The existence of fraud is a question of fact to be determined from the entire record. Recklitis v. Commissioner [Dec. 45,154], 91 T.C. 874, 909 (1988); Grosshandler v. Commissioner [Dec. 37,317], 75 T.C. 1, 19 (1980); Stratton v. Commissioner [Dec. 29,958], 54 T.C. 255, 284 (1970). However, fraud need not be established by direct evidence, but can be shown by an examination of the taxpayer's entire course of conduct and drawing reasonable inferences from such conduct. Patton v. Commissioner, supra at 171.
The existence of fraud is often determined from the presence of certain factors referred to as badges of fraud. These factors include: (1) The consistent understatement of income over a period of years; (2) inadequate records; (3) implausible or inconsistent explanations of behavior; (4) concealment of assets; (5) engaging in illegal activities; (6) attempting to conceal illegal activities; and (7) dealing in cash. Bradford v. Commissioner [86-2 USTC ╤ 9602], 796 F.2d 303, 307-308 (9th Cir. 1986), affg. [Dec. 41,615(M)] T.C. Memo. 1984-601.
From the record as a whole, we find that respondent has proven the existence of each of the above factors in this case. Petitioners' substantial understatements of income in each of the 3 years in issue resulted in large underpayments of tax. Such consistent understatements are strong evidence of fraud. Patton v. Commissioner, supra at 171. In addition to the consistent understatement of income, petitioners failed to maintain adequate books and records, were engaged in and attempted to conceal illegal activities involving substantial amounts of cash, and in explanation for such conduct, offered implausible and inconsistent statements. We conclude, therefore, that respondent has clearly and convincingly proven that petitioners' income taxes for the years 1984, 1985, and 1986 were fraudulently understated.
4. Additions to Tax Under Section 6661(a)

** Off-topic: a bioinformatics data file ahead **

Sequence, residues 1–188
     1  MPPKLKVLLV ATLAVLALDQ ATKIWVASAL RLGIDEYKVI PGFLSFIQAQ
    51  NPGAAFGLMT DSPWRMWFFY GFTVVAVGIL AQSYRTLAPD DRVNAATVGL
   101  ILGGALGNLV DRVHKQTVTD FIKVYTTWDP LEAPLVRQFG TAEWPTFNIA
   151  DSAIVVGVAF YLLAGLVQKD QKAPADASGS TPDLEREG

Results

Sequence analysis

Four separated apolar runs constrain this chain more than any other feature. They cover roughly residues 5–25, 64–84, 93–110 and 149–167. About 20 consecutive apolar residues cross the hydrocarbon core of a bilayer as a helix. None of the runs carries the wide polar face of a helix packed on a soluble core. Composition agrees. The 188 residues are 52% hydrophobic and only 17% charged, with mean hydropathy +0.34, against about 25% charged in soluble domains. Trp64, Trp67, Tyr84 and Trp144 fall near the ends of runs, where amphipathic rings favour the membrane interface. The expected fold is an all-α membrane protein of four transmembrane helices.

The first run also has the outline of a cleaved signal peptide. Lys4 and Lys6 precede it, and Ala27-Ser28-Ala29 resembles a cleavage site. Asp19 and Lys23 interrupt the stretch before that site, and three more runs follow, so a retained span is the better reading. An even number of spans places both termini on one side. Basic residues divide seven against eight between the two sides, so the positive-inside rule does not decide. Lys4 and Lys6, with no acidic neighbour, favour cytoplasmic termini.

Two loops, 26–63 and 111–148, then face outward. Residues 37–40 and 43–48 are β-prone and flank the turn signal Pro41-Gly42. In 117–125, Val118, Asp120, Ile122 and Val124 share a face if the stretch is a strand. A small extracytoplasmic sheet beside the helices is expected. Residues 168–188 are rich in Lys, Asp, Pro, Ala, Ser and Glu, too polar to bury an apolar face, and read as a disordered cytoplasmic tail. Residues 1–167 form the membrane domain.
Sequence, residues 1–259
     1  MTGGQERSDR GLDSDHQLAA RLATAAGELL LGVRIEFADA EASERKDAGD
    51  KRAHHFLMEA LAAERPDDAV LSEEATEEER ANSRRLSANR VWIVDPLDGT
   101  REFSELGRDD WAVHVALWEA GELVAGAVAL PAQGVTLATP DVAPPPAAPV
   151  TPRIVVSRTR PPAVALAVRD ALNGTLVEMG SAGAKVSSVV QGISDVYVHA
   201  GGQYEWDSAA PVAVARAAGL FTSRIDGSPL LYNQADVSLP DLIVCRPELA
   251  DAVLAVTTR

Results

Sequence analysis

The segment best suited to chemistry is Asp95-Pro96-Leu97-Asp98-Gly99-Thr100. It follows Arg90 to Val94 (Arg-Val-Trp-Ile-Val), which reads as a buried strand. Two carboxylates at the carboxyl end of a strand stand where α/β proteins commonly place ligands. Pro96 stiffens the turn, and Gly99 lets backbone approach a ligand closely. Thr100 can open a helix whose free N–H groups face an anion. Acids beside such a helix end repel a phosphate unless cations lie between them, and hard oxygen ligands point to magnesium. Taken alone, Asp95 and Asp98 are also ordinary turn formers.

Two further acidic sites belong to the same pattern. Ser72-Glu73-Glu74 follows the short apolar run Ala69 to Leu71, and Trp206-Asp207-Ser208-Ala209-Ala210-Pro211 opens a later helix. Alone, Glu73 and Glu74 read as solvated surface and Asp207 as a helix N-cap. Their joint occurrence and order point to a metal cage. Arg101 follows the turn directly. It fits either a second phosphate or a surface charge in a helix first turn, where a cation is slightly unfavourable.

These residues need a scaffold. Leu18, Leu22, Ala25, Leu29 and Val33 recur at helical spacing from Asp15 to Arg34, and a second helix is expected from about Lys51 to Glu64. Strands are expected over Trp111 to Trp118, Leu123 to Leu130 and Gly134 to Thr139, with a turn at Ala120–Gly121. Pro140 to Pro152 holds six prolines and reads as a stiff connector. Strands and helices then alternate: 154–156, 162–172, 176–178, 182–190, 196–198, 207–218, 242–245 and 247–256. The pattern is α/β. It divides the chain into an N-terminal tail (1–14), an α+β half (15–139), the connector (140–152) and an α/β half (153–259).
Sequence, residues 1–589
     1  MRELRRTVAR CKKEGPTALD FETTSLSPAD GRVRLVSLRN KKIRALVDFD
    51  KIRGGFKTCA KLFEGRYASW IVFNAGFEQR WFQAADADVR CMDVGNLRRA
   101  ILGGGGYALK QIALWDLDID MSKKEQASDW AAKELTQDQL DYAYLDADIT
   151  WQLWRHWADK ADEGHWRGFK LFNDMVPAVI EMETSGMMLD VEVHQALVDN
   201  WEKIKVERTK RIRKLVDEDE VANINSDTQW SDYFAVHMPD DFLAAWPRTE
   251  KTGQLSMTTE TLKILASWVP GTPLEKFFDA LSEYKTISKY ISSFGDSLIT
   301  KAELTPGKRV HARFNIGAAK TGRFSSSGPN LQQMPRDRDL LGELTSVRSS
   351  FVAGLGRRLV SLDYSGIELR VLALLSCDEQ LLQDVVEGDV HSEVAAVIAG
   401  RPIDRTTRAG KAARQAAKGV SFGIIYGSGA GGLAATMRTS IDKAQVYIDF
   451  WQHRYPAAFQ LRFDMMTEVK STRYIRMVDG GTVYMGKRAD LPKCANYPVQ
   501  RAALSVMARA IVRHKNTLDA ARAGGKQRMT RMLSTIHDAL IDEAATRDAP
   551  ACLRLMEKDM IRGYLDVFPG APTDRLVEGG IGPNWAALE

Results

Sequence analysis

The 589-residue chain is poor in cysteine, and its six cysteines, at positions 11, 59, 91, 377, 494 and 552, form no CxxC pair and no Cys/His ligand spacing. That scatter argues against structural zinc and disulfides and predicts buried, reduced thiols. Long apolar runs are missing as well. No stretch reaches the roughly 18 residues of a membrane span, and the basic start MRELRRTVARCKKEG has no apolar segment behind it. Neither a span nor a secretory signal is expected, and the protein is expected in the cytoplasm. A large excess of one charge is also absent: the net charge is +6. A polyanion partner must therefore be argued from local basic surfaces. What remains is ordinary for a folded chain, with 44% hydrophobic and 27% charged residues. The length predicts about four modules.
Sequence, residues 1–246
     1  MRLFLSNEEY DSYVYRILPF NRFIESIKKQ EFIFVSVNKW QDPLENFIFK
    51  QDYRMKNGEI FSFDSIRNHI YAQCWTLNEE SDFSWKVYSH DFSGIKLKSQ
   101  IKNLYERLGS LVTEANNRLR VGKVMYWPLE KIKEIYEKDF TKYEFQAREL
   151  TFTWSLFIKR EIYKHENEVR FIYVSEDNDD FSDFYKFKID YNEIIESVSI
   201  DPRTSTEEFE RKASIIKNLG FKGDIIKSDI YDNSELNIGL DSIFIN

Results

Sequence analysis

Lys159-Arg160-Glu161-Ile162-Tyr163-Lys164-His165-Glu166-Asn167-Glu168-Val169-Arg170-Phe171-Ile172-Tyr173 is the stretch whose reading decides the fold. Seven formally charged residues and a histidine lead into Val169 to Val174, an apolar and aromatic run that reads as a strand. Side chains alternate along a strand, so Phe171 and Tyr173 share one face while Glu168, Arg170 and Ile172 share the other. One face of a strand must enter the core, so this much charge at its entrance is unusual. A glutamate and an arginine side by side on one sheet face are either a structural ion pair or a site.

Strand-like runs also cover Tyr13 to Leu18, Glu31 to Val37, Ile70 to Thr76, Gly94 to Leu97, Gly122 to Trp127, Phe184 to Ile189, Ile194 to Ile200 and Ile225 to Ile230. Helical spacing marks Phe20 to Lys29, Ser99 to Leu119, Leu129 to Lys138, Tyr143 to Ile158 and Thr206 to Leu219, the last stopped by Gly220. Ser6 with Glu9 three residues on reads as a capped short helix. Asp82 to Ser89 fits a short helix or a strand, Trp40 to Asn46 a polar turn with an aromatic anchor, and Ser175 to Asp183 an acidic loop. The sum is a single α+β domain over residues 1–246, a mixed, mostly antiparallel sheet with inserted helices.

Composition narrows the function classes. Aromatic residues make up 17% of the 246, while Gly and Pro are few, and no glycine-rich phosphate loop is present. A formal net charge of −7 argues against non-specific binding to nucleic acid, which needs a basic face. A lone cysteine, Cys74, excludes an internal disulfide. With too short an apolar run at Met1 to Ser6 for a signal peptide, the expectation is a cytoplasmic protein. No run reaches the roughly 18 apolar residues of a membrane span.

Section 6661(a) provides for an addition to tax of 25 percent of any underpayment in income tax attributable to a substantial understatement of income tax. An understatement of income tax is substantial if it exceeds the greater of 10 percent of the amount of tax required to be shown on a return or $5,000. Sec. 6661(b)(1)(A). An understatement of income tax may be reduced by any item for which the taxpayer had substantial authority for its treatment on the applicable return or for any item which was adequately disclosed on the return or in a statement attached to the return. Sec. 6661(b)(2)(B).
Petitioners have the burden of proof with respect to this issue. Rule 142(a). At trial and on brief, petitioners did not contend that they had substantial authority for their treatment of the unreported income received from food stamps and WIC vouchers nor did they assert that they had adequately disclosed these items on their returns or in statements attached to the returns. Thus, if a Rule 155 computation for any year reflects a substantial understatement within the meaning of section 6661(b)(1), the 25-percent addition provided by section 6661(a) will apply.
To reflect the foregoing,
Decision will be entered under Rule 155.